Thromboprophylaxis practice patterns and beliefs among physicians treating patients with abdominopelvic cancers at a Canadian centre

Thromboprophylaxis practice patterns and beliefs among physicians treating patients with abdominopelvic cancers at a Canadian centre

Can J Surg 2020;63(6):E562-E568 | Full Text | PDF | Appendix

Kristen McAlpine, MD; Rodney H. Breau, MD, MSc; Marc Carrier, MD; Philippe D. Violette, MD; Christopher Knee, ND, MSc; Ilias Cagiannos, MD; Christopher Morash, MD; Luke T. Lavallée, MDCM, MSc

Abstract

Background: There is inadequate high-quality evidence on thromboprophylaxis for patients undergoing surgery for abdominopelvic cancer. We surveyed physicians who treat patients with abdominopelvic cancer to determine current thromboprophylaxis practice patterns and to determine where research is needed.

Methods: We created an online survey with questions on thromboprophylaxis topics, including type of thromboprophylaxis used, timing of initial thromboprophylaxis dose, use of thromboprophylaxis during chemotherapy, use of extended-duration thromboprophylaxis and areas for future research. The survey questions were reviewed by external content experts to ensure they were appropriate and relevant. Surgeons, thrombosis experts and medical oncologists who manage patients with abdominopelvic cancers at 1 large Canadian academic centre were invited to complete the survey between January and April 2019.

Results: Of the 57 physicians invited, 42 (74%) completed the survey, including 27 surgeons (response rate 79%), 9 thrombosis experts (response rate 75%) and 6 medical oncologists (response rate 55%). Most surgeons (22 [82%]) reported using mechanical thromboprophylaxis, whereas only 1 thrombosis expert (11%) recommended mechanical thromboprophylaxis. There was substantial variability in the timing of the initial dose of thromboprophylaxis, with 9/10 urologists (90%) and all 7 general surgeons giving the first dose intraoperatively, and three-quarters of thoracic surgeons (3/4 [75%]), gynecologists (3/4 [75%]) and thrombosis experts (7/9 [78%]) starting thromboprophylaxis after surgery. All medical oncologists believed chemotherapy increases the risk of venous thromboembolism, but 4 (67%) reported that they do not routinely prescribe thromboprophylaxis owing to bleeding concerns. Most respondents (35/38 [92%]) felt there was a need for more research on thromboprophylaxis and indicated willingness to participate in future clinical trials.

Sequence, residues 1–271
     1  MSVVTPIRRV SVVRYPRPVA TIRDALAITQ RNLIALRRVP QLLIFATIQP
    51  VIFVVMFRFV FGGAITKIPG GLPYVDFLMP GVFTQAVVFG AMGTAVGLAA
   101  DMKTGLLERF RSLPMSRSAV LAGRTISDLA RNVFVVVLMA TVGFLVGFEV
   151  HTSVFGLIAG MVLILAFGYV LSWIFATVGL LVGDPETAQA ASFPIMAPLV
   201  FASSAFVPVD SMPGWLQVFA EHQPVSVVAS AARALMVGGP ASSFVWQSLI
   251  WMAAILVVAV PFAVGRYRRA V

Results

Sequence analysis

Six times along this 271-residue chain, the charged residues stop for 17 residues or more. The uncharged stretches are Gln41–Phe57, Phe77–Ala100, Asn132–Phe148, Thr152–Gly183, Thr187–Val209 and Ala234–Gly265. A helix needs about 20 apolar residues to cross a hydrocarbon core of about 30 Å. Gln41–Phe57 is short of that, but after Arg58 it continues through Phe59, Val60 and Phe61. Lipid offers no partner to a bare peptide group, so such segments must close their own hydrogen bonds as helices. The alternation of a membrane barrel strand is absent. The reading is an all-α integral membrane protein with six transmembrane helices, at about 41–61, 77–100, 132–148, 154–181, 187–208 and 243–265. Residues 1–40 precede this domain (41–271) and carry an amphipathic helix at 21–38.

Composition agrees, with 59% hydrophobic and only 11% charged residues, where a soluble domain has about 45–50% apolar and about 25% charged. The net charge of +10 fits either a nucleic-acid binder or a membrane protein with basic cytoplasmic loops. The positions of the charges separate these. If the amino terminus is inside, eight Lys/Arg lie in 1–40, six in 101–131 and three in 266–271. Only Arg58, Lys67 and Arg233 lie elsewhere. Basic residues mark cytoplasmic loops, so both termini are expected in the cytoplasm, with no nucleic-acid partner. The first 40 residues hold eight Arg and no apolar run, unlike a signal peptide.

Conclusion: Variability exists in contemporary thromboprophylaxis practice patterns among physicians treating patients with abdominopelvic cancer. Future research is needed to standardize care and improve outcomes for patients.

Résumé

Contexte : On manque de données de qualité élevée sur la thromboprophylaxie chez les patients traités en chirurgie pour un cancer abdomino-pelvien. Nous avons sondé des médecins traitant ces patients afin de déterminer les tendances actuelles relatives à cette pratique et pour cerner les besoins en recherche.

Méthodes : Nous avons créé un sondage en ligne sur la thromboprophylaxie, comprenant des questions sur le type utilisé, le moment d’administration de la dose initiale, le recours durant la chimiothérapie, l’utilisation prolongée et les domaines de recherche à explorer. Les questions ont été validées par des experts de contenu externes, qui ont veillé à ce qu’elles soient appropriées et pertinentes. Des chirurgiens, des experts en thrombose et des oncologues qui s’occupent de patients atteints de cancers abdomino-pelviens dans un grand centre hospitalier universitaire canadien ont été invités à remplir le sondage entrer janvier et avril 2019.